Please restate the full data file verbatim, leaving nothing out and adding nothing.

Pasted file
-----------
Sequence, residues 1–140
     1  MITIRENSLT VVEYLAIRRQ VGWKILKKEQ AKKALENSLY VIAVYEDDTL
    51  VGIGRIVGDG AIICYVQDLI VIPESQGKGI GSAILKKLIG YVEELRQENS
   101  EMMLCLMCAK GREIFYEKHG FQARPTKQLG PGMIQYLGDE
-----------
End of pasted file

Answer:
Sequence, residues 1–140
     1  MITIRENSLT VVEYLAIRRQ VGWKILKKEQ AKKALENSLY VIAVYEDDTL
    51  VGIGRIVGDG AIICYVQDLI VIPESQGKGI GSAILKKLIG YVEELRQENS
   101  EMMLCLMCAK GREIFYEKHG FQARPTKQLG PGMIQYLGDE